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Environmental

Problems with Open-Water Shrimp, supplies are being exhausted.

Shrimp is by far the single most consumed seafood in the world. According to the National Marine Fisheries Service, the world consumes approximately 9 billion pounds of shrimp annually, with about 1.8 billion consumed in the United States alone. Approximately 45% of the global supply of shrimp is caught by ocean trawlers while the other 55% is produced by open air shrimp farms, mostly in developing world countries. Both of these production methods are unsafe, unsustainable and ecologically destructive. NaturalShrimp not only addresses these issues, it offers a better industry solution.

Chemicals used to keep shrimp fresh

Once shrimp are caught in the open water, they are dipped in sodium triphosphate and flash frozen to slow the flesh decay process. This chemical is currently considered safe today. These chemicals are not natural, and they are in most of the “open-water” catch.

All seafood stocks are under strain.

US Gulf Coast has suffered from algal bloom / dead zones several times in the last several years – disrupting supply chain.

Ocean trawling shrimp boats use large nets to catch their shrimp. Not only are these nets toxic, they disturb sensitive ocean-bottom ecosystems and in the process, catch a large variety of non-shrimp sea life which is typically killed and discarded. The world’s oceans can only supply a finite amount of naturally occurring shrimp each year. With global populations surpassing 7.5 billion and domestic consumption alone growing at 10%, it’s no wonder why global demand is outstripping the natural supply of shrimp. This is clearly an unsustainable production paradigm.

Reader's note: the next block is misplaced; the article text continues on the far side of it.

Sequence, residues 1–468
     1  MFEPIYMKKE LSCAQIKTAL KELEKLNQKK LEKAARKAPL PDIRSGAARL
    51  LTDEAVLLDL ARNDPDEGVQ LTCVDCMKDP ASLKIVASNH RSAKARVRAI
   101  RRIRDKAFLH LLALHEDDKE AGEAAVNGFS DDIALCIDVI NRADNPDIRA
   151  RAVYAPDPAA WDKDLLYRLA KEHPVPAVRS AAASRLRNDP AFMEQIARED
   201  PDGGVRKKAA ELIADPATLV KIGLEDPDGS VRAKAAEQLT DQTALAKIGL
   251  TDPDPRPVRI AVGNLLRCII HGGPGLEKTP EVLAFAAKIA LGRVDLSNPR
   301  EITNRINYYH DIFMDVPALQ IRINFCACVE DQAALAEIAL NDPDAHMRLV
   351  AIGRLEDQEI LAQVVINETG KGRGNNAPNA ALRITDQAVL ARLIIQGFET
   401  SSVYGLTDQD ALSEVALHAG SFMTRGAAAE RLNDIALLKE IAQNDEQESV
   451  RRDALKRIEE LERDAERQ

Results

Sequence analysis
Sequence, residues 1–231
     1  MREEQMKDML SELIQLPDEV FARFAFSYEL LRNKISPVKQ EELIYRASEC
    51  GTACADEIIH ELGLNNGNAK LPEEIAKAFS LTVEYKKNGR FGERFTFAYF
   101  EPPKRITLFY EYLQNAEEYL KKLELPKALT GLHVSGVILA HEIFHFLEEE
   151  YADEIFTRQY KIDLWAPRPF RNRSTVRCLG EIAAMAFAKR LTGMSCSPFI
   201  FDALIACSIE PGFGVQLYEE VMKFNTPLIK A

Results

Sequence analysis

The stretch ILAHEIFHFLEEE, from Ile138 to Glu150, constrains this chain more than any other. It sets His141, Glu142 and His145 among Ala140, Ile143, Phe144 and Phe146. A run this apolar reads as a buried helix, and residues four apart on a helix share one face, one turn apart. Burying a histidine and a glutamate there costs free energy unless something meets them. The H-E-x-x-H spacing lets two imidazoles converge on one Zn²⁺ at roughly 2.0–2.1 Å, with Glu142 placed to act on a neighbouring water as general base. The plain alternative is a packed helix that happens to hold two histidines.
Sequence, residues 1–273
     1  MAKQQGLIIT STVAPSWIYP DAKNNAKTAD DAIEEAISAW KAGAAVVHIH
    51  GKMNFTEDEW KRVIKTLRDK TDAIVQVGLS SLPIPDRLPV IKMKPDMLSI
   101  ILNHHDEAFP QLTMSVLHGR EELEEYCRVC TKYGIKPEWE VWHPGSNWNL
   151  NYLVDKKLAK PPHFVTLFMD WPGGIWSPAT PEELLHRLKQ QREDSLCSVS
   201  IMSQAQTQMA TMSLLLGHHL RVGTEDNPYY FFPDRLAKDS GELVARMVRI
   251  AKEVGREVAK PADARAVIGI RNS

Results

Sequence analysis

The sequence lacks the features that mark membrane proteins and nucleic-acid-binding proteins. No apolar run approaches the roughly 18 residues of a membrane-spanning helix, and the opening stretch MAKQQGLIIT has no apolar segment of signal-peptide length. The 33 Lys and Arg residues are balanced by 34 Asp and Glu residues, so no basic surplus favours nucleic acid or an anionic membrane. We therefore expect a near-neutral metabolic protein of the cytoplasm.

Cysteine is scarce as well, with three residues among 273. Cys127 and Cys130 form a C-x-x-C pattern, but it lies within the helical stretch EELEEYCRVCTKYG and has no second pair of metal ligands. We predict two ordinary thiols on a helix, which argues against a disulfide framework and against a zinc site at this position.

Problems with Standard Shrimp Farming

Coming from countries with sub-standard safety / Cleanliness protocols

  • 94% of all shrimp consumed in the United States is imported from abroad mainly from Asia and Latin America.
  • There are also labor issues – many claims of indentured and abused workers.

Toxic Chemicals / Antibiotics Used / Risk of Disease

  • Only 0.7% of the shrimp is ever tested
  • There are also labor issues – many claims of indentured and abused workers.
  • In 2015, Consumer Reports conducted their own testing and found 16% of cooked, ready-to-eat shrimp had bacteria, including vibrio and E. coli.
  • Vibrio was found on many shrimp samples – the most common cause of food poisoning from eating raw oysters.

Shrimp farming, or aquaculture, has ostensibly stepped in to fill the global demand/supply imbalance. However, the currently preferred open-air method (man-made shrimp ponds connected to open ocean) of cultivating shrimp is usually done in developing countries where poor farmers have little regard for the ecosystem or the consumer. Because of this, farmers will use large quantities of antibiotics and dangerous levels of chemicals to try and maximize their crop. Open-air systems are environmentally destructive, can create widespread viral outbreaks that can wipe out an entire region’s shrimp production and have high chemical contamination levels that make it unsafe for human consumption.

NaturalShrimp’s production facilities will be the aquaculture industry’s truly eco-friendly, sustainable way of cultivating shrimp in high density environments. Its closed system production methods will produce fresh, gourmet grade shrimp without use of antibiotics, pollutants and other chemicals or without further depleting the world’s oceans from overfishing.